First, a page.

It freezes my heart this dark Chicago ravaged by the wind.  It clogs my soul with gray dismay.  I want to bang my head against the wall and die.  I’m beat and I can’t sleep, so I eat pretzels and drink Old Overholt staring out the window into this polar Sunday night as clear as the loneliness that is choking me, right here, right now, on the twenty-second floor of dreadful 4700 South Lake Park Avenue, this brown thing that looks like the offspring of a hotel and a prison, waiting for the first tinge of light to crawl out of the lake, hoping to be zonked enough by then that I can lay down and close my eyes and quit seeing you.  Wherever I look.

This evening, before leaving for the gig, I googled your name.  There’s no trace of you out there.  I searched for Leela Smith, Leela Brown, Leela Johnson, but the Leelas I found are too young or too old to be you.  I wonder where you are.  If you are alive.  If you have a family.  I wonder if there is a lucky someone with whom you make love the same way we did, to whom you give all there is to be had, willingly, because it pleases you.  I hope you’re happy.  I hope your life turned out to be what you expected.


Mine turned out to be a desert dotted with oases of mediocrity.  I write scores for TV ads.  The last one is not bad actually—lots of pathos—a pirogue gliding on the flat surface of a pond early in the morning.  And I still play.  I’m in The Chuck Liotta Quartet with Sheena Jackson right now, chasing a record deal.  We have a two-month Sunday gig at the Green Dolphin and do one-night stands all over town.  Are we any good?  Not really.  Sheena is a pretentious old girl who thinks she can be as hot as Billie Holiday if she just drinks enough.  Chuck’s an alto player who sees himself as the heir to Ornette Coleman but has to tone it down otherwise he gets no work at all.  The bass guy is an old journeyman like me.  The drummer is dynamite though—a kid from Memphis—if this band has any luster whatsoever it comes from him.  As far as my genius is concerned, it is apparent by now that it’s limited.  Blazing speed, that’s all my guitar has to offer.  That’s the scoop.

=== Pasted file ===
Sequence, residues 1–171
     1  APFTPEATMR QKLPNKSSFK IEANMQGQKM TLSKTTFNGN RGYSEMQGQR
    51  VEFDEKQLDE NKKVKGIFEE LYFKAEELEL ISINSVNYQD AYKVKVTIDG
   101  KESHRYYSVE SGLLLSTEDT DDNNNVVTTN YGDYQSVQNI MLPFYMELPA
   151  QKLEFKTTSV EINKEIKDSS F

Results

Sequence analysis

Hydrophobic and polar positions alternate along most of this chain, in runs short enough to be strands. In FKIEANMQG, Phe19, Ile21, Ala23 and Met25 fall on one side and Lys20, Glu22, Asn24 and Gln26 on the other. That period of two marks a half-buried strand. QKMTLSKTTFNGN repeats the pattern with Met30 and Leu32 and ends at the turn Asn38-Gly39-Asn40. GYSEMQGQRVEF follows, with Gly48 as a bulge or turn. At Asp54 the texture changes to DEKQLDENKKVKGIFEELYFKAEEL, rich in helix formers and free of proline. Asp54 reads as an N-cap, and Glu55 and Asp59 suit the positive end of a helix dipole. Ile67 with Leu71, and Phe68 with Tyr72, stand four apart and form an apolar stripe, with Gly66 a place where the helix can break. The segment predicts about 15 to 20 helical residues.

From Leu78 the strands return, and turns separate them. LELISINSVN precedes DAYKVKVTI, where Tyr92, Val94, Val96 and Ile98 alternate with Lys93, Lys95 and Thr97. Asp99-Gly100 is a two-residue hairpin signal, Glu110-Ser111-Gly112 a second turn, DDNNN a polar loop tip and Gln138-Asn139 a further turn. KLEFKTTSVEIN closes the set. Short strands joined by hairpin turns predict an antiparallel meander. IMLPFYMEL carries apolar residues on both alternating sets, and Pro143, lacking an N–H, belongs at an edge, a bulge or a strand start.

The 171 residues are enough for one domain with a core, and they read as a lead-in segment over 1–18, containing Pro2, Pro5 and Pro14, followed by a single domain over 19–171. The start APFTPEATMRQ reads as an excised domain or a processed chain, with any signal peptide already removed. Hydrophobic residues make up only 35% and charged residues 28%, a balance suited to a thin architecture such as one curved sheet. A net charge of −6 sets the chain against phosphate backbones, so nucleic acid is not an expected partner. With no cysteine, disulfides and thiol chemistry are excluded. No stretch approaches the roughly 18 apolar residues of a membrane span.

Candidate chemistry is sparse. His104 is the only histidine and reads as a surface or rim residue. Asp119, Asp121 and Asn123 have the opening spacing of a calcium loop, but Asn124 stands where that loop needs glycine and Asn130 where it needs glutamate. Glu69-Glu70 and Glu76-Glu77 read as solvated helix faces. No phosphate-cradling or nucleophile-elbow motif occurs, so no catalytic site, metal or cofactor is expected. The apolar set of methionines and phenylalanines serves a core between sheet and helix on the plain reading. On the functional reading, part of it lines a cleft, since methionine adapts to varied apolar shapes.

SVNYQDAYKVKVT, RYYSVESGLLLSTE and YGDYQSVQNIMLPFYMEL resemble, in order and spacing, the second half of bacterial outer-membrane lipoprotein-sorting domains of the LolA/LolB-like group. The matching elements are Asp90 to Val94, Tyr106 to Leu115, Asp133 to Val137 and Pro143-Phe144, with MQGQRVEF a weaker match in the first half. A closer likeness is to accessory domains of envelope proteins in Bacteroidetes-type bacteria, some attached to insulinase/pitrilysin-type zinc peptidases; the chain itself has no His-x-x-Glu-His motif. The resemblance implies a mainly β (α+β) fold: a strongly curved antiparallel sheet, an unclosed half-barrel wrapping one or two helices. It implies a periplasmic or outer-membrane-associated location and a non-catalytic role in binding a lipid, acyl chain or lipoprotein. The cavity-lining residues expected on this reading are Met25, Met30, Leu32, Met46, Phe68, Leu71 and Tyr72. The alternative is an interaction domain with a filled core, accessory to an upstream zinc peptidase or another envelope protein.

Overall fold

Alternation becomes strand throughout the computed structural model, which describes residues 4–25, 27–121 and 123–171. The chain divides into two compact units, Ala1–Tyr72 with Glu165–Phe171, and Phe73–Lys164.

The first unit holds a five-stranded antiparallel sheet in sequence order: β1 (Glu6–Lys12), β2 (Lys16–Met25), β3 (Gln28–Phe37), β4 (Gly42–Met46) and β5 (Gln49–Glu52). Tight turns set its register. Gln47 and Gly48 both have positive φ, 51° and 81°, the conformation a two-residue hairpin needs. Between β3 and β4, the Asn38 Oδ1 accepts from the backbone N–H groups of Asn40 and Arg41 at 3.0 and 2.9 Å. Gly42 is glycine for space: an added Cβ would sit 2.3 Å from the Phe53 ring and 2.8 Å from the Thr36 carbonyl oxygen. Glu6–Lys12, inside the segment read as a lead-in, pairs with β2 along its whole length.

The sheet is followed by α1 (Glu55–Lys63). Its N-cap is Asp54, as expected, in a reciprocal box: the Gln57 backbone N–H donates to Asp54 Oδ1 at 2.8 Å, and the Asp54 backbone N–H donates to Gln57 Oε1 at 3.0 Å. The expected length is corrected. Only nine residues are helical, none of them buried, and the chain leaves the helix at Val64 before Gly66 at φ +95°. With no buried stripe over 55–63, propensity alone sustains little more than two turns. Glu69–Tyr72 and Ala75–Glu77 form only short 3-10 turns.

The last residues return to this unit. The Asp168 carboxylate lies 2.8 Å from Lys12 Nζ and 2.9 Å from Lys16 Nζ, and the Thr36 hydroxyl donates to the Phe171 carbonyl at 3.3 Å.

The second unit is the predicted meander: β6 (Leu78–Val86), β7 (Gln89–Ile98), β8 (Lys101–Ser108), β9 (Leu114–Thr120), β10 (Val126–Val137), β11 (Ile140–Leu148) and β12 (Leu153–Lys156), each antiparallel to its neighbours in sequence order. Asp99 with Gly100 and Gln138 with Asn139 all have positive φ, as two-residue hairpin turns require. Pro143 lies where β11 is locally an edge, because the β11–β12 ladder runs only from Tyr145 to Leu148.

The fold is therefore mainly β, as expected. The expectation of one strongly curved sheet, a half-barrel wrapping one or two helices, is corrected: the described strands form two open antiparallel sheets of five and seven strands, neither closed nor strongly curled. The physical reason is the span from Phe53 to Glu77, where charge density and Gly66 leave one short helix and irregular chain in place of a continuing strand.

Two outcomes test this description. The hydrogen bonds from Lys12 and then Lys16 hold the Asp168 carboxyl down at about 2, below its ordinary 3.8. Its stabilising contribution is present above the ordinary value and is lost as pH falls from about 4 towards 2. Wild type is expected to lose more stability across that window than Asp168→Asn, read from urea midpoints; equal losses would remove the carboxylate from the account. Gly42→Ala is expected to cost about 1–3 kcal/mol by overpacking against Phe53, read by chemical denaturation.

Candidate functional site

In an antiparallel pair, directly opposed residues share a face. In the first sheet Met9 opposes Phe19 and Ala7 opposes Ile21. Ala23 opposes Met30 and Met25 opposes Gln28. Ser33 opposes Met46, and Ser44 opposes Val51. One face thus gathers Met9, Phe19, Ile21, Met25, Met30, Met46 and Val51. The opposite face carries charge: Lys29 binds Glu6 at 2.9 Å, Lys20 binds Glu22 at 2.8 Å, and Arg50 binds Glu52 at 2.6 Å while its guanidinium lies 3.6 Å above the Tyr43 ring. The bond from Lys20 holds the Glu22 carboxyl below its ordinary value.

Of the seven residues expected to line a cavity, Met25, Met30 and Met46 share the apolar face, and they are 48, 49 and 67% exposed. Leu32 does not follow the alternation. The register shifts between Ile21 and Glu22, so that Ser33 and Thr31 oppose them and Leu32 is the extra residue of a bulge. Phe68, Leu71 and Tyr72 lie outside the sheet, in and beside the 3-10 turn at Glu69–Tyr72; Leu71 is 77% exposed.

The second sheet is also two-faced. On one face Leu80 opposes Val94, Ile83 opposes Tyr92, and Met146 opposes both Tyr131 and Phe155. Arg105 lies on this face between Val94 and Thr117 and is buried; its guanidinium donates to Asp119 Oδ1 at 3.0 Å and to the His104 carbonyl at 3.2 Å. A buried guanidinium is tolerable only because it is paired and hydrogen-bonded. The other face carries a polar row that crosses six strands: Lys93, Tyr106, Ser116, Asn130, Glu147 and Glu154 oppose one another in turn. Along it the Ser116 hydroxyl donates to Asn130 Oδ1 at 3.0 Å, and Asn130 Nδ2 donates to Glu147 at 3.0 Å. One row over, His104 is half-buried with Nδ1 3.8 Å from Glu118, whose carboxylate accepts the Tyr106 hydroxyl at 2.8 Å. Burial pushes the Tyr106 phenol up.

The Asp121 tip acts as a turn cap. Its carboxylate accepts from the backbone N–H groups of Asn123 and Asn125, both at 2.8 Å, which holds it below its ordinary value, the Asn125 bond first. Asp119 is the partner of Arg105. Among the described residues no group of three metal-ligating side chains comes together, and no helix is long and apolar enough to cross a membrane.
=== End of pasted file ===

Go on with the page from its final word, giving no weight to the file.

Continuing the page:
Vivid images.  My first day on the job, sometime in October.  A day of Santa Ana winds, vaguely surreal, when the smog is driven to the coast and the air inland is for once cool and clean, and the murky mood of Los Angeles is instantly transformed into one of unhinged exhilaration.  A brand-new mini-mall on Santa Monica Boulevard, just east of Sepulveda, a white two-story building with a blue roof.  The owner was an entrepreneur from the old country who had hired me essentially because I spoke Italian.  He was giving me the grand tour, overwhelming me with all sorts of erratic information.  As he was busy fishing some architectural plans out of the trunk of his car, the door of the hair salon swung open and you walked out, paralyzing me.  An Amazon chewing gum.  Six-foot one, a wide face with angular features, a bob of strawberry blond hair, massive breasts, the legs and arms of a serious athlete.  Not an ounce of fat where it shouldn’t be: the girlfriend of Hercules.  You had a pale blue shift on and a pair of tennis shoes of all the colors of the rainbow.  I don’t think you were gorgeous in a classic way—most men probably felt put off by your size—but you sure knocked me out cold.  You strolled along the mall’s sidewalk with the casual grace of a big cat, then felt the heat of my gaze and turned, giving me a puzzled look and popping a big bubble.  I sensed that such an intense appreciation of your presence was something you didn’t experience too often.

Trying to learn the job took most of my energy the first few days—I had to keep my distance.  But after a week or so, I walked into the mini-mart to get myself a coke and there you were, standing by the cooler choosing a juice.  You were wearing washed-out jeans this time, with a white shirt knotted at the waist and another pair of wild tennis shoes.  You turned when you heard me coming and smiled.